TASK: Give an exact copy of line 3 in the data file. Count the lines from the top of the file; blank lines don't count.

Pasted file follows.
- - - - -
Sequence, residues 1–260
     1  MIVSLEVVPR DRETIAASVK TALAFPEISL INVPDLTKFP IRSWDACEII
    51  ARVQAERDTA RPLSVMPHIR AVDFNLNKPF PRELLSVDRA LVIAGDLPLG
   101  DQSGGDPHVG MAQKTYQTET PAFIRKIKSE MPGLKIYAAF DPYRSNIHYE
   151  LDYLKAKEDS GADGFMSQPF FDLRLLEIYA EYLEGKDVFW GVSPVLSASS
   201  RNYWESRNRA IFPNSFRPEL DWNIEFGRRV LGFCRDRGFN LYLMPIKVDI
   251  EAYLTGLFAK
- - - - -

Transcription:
    51  ARVQAERDTA RPLSVMPHIR AVDFNLNKPF PRELLSVDRA LVIAGDLPLG